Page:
How to change default variables

We set default variables in all Building Blocks but there might be use cases where you want to customize them.
For example if you want to use another namespace or the configuration has to be in another directory than the default one.
This tutorial will show you how you can change these default variables of a Building Block's gitlab job definition.

Set a custom basedir

Let's assume you have an application which needs a Redis service and you want to have all configuration for this application in the same directory. You can add the Redis-HA Building Block in the same directory, but you have to overwrite the BASEDIR variable.

example-application/.gitlab-ci.yml

include:
  - project: syseleven/building-blocks/helmfiles/redis-ha
    file: JobDevelopment.yaml
    ref: 1.31.1

variables:
  BASEDIR: $CI_PROJECT_DIR/example-application

Now you can place your values-redis-ha.yaml in the example-application directory. To also deploy it in the same namespace, see below.

Set a custom namespace

Another use case could be, to deploy a Building Block into the same namespace together with your application. You can do so by overwriting the default namespace variable.

syseleven-redis-ha/.gitlab-ci.yml

include:
  - project: syseleven/building-blocks/helmfiles/redis-ha
    file: JobDevelopment.yaml
    ref: 1.31.1

variables:
  NAMESPACE_REDIS_HA: example-application-namespace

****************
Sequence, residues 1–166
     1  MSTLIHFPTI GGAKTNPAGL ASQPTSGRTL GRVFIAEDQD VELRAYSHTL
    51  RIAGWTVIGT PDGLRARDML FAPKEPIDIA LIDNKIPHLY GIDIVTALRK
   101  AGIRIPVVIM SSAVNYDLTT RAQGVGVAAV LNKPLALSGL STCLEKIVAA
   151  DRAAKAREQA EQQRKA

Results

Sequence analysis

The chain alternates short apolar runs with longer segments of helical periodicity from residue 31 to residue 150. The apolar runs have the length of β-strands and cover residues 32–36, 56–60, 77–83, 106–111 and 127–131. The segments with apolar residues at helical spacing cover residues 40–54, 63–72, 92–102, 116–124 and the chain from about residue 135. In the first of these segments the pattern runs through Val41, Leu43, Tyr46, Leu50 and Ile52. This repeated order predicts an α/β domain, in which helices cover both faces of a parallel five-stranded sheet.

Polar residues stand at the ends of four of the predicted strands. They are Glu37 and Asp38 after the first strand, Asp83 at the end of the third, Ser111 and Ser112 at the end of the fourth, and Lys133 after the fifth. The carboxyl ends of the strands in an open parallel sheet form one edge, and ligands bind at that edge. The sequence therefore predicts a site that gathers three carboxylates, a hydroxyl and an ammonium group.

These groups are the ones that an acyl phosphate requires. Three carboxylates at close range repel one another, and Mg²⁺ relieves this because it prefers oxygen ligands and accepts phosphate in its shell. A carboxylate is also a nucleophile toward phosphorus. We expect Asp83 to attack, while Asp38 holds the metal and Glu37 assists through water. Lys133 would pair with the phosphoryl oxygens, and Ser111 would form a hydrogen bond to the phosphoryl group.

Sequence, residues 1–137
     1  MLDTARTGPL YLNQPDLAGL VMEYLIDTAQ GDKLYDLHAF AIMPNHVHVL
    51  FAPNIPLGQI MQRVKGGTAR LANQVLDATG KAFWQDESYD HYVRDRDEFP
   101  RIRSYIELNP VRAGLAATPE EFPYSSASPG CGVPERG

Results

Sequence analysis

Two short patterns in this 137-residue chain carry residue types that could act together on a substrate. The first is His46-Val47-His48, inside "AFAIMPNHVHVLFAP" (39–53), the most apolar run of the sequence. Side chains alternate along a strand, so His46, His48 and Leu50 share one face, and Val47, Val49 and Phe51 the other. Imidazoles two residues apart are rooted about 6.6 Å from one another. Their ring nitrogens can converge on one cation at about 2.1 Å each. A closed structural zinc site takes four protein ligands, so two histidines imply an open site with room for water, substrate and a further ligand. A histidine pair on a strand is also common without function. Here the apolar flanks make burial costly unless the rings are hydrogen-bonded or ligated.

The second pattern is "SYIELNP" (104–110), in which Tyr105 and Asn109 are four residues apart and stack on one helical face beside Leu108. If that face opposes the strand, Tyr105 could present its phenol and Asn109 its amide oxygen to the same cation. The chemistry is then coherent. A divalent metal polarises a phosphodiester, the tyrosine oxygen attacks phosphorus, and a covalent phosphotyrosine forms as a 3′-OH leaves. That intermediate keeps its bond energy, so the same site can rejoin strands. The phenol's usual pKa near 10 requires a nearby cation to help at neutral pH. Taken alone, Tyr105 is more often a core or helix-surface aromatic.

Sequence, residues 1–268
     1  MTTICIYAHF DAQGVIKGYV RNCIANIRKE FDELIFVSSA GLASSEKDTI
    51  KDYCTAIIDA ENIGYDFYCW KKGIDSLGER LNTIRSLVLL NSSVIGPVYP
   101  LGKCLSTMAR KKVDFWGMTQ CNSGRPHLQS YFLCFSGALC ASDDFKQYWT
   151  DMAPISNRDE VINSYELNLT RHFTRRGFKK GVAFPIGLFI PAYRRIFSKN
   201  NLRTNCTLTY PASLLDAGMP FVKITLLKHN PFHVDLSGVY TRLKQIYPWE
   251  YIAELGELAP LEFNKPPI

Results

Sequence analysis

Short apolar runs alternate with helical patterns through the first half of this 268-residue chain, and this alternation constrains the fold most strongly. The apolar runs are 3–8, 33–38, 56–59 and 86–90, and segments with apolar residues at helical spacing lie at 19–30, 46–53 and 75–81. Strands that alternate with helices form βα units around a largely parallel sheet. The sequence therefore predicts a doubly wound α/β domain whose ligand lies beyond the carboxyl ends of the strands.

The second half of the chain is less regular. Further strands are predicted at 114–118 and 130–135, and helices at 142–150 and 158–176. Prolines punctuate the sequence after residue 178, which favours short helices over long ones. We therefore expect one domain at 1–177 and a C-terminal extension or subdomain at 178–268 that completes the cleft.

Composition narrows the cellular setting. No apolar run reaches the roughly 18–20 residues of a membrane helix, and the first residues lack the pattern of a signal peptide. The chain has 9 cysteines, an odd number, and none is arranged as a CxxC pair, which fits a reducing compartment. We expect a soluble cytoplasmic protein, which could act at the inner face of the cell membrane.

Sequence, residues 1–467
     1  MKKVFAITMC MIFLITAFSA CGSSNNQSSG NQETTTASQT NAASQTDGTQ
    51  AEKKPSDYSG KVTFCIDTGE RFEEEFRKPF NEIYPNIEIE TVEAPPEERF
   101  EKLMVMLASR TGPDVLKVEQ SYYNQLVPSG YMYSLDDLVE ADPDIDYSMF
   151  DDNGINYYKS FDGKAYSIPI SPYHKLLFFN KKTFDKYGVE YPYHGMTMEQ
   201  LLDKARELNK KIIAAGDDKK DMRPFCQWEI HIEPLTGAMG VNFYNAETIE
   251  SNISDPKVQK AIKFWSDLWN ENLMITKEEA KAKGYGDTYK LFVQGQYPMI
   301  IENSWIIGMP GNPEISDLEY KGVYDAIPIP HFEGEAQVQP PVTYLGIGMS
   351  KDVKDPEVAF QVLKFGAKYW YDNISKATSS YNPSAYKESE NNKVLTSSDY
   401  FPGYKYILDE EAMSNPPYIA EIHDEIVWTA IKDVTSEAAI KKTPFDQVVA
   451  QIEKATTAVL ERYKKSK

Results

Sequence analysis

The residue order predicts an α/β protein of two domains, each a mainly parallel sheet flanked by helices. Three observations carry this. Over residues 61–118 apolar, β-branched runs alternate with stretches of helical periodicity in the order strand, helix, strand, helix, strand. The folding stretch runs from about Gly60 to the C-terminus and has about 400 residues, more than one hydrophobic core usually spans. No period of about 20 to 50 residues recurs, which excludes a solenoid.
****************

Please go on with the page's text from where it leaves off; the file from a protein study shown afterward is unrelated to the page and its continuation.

You can find the namespace variable for a Building Block in the Building Blocks repository.

Set a custom release name

If you want to set a custom release name you can do so by overwriting the release name variable.

syseleven-redis-ha/.gitlab-ci.yml

include:
  - project: syseleven/building-blocks/helmfiles/redis-ha
    file: JobDevelopment.yaml
    ref: 1.31.1

variables:
  RELEASE_NAME_REDIS_HA: example-application-redis-ha

You can find the release name variable for a Building Block in the Building Blocks repository.

configure resources

If you face any issues or have special demands within your projects, you can unset the default limits on memory or cpu within your building block configuration.
As it is always a best practice to stick to the default limits we provide - or at least set the limits - you can also remove the default limits for your building blocks described as follows

# here the default values

resources:
  requests:
    cpu: 256m
    memory: 256Mi
  limits:
    cpu: 256m
    memory: 256Mi

---

resources:
  requests:
    cpu: 256m
    memory: 256Mi
  limits:{}

To set the limits to an empty set will unset the default limits without any resource restriction on cpu or memory to unlimited.

The reason for the above mentioned best practice is to keep the limits because of the behaviour of Kubernetes.
Setting limits helps you to protect other deployments from starvation.
Kubernetes prioritize pods where the limits are set before those deployments where it is not set.
Pods where no limits are set will be killed first. This could be critical if you work with in memory data and your project relies e.g on caches.
Requests on the other side helps the schedular to find the best node suitable to run your deployment.

So it is always a good practice to keep an eye on requests and limits.